Q&A with Annika Finne, PhD candidate at the Institute of Fine Arts, NYU, and assistant conservator at Modern Art Conservation.
What does your role as a paintings conservator entail?
I’m on a slightly unorthodox trajectory for a conservator. After I graduated from the Institute of Fine Arts conservation program in New York, I went to the Yale University Art Gallery, where I trained with Italian specialist Irma Passeri and continued working on medieval and late medieval Italian paintings. Through that experience, I became interested in how artists centuries before me maintained and reworked paintings similar to those I was conserving, before there was a professional division between artist and conservator. I then realized I wanted to contribute to the discourse on the prehistory of modern conservation practice. Right now, I’m working on a dissertation about early interventions. So I have this kind of dual, mutually informative practice, wherein I work at a private practice on modern and contemporary paintings, while simultaneously writing about various medieval interventions.
What is most rewarding about your job?
Often it has to do with the people you’re working with and how you work together toward the goal of conserving the artwork. But “rewarding” is a difficult word because conservators are called in response to loss. You can simulate portions of the original in very beautiful ways, but ultimately time goes in only one direction. Given that, there’s a bittersweet feeling with every treatment. Any kind of drastic change means that something dramatic happened to the piece. However, simple tasks like removing a layer of nicotine from a painting that’s in really good condition can be very satisfying.
What are some of the biggest challenges you face in your job?
The greatest difficulty that I have on the art historical side is communicating things that are learned through doing. It’s very
hard to articulate the kind of tacit knowledge that is at the heart of any craft-based discipline involving a physical interaction with an object.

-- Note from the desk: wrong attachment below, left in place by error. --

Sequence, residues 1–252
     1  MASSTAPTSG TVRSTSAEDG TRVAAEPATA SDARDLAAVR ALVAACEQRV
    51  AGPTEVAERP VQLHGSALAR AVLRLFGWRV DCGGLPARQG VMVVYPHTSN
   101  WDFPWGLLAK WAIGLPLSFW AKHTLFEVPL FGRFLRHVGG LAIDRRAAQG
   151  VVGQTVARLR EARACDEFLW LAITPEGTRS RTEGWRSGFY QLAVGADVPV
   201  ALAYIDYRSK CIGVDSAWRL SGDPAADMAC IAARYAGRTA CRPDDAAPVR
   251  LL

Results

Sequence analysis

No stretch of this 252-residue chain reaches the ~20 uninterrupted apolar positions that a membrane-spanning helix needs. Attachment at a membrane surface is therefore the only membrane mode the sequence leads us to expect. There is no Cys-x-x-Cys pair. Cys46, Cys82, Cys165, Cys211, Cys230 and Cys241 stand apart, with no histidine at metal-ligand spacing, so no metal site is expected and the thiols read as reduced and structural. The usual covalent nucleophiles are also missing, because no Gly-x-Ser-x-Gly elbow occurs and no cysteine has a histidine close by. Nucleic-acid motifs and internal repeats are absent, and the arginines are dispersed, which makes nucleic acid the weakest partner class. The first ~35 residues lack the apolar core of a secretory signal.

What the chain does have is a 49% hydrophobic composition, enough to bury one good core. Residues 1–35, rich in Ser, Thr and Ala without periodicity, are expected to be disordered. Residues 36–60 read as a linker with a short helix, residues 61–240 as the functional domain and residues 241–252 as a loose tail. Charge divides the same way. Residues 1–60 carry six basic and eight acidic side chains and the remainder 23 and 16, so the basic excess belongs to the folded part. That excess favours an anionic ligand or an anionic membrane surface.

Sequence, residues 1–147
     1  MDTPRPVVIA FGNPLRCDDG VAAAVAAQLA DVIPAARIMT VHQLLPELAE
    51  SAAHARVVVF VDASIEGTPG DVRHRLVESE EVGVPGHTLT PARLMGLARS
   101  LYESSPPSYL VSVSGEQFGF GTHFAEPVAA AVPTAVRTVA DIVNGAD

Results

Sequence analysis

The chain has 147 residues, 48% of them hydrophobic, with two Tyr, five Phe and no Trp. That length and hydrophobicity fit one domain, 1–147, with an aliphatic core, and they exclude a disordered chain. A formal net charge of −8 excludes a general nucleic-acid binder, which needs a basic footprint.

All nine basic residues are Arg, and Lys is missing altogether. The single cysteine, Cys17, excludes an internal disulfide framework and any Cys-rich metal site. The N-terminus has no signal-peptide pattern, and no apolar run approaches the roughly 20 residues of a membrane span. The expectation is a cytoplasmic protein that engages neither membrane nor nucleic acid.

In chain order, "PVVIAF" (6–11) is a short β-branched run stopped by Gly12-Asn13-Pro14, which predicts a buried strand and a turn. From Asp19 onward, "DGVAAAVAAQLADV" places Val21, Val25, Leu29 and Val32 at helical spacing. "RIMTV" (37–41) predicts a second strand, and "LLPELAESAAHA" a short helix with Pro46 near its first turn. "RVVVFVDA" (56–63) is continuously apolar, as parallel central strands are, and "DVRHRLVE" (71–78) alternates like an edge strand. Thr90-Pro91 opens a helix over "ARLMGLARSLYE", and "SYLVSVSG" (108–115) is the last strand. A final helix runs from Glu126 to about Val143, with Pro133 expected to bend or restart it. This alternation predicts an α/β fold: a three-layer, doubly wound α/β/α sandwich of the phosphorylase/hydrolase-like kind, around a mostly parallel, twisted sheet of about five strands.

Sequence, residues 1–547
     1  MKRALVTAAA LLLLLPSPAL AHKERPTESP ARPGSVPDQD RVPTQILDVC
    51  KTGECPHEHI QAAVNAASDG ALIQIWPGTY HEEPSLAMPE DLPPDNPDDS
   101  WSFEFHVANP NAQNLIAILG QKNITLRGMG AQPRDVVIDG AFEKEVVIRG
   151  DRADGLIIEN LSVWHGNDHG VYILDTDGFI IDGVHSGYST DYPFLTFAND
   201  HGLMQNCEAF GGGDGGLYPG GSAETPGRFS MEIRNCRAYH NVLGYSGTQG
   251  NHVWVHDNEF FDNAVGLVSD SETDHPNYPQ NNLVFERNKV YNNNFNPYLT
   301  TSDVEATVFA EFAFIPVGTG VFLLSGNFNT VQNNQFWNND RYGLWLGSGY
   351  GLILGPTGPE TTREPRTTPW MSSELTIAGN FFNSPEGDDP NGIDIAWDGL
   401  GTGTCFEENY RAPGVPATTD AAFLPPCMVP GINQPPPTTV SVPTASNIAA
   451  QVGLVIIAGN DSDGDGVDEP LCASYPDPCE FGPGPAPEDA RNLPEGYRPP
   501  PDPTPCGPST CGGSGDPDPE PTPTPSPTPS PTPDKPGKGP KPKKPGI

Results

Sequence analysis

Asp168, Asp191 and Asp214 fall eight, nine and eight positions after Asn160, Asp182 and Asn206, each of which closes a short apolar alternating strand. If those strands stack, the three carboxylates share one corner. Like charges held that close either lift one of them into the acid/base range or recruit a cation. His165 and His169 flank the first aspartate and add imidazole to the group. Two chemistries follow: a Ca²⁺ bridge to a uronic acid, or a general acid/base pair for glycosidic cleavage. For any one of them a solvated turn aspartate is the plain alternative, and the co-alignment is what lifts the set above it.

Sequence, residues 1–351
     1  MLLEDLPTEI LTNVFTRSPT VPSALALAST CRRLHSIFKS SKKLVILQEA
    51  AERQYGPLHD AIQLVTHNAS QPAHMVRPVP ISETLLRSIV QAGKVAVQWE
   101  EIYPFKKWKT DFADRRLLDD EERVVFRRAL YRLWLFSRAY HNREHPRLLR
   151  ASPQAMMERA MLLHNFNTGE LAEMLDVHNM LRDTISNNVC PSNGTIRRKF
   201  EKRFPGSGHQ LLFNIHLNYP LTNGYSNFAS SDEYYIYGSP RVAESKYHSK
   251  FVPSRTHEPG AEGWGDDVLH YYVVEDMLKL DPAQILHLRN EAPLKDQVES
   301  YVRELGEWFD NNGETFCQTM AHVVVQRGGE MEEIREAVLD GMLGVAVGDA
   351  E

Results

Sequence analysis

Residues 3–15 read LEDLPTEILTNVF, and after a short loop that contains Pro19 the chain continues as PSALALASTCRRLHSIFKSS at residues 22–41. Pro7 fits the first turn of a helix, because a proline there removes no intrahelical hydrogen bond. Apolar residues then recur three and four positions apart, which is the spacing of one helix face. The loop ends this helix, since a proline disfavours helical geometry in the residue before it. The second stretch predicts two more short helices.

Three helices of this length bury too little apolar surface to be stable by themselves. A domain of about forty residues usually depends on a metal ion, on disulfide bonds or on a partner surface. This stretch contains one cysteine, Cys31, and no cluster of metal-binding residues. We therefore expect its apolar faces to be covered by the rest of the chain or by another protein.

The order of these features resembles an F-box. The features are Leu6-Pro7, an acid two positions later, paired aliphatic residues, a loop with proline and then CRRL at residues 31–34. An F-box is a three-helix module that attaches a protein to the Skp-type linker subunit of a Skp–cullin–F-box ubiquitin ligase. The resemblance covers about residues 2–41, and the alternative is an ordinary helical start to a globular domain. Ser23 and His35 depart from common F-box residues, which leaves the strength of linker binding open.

When it comes to conservation, every painting is a challenge. There are so many variables involved—the substrate, the materials, the colors. These specificities make each painting seem like a unique organism. It can be misleading, for example, to organize paintings by their medium, because metal pigments behave differently than plant-based pigments even if both are mixed in oil. As these substances interact with one another and are exposed to different environments, there can be huge variations in their behavior over time. Conservation is really about listening to the artwork. You have to test the tendencies of the materials. You don’t want to force the paint layers. You want to be working with the painting. Your patience and discipline improve with experience, while new challenges presented in each treatment contribute to the stimulation of the practice.
Tell me about your presentation at the online Institute of Fine Arts/Frick Symposium on the History of Art in April.
I’m speaking about an altarpiece signed by Giotto in the Baroncelli family’s chapel in the church of Santa Croce in Florence. It was made around the 1330s in conjunction with the frescoes on the chapel walls, which depict events from the life of the Madonna. Originally, the altarpiece had a polygonal shape, with each of its compartments capped by a pinnacle. The central pinnacle, which survived and is currently in San Diego, depicts God the Father. In the 1480s, the pinnacles were sawed off to make the painting into a rectangle. This reshaping left empty spaces on the altarpiece, which were filled in with painted cherub figures. The painting was given a new frame that was very much in step with architectural trends at the time. From the time that Giotto’s work was made to the time that it was altered, integrating new paintings with older ones was a continuous practice—one that Giotto even participated in himself!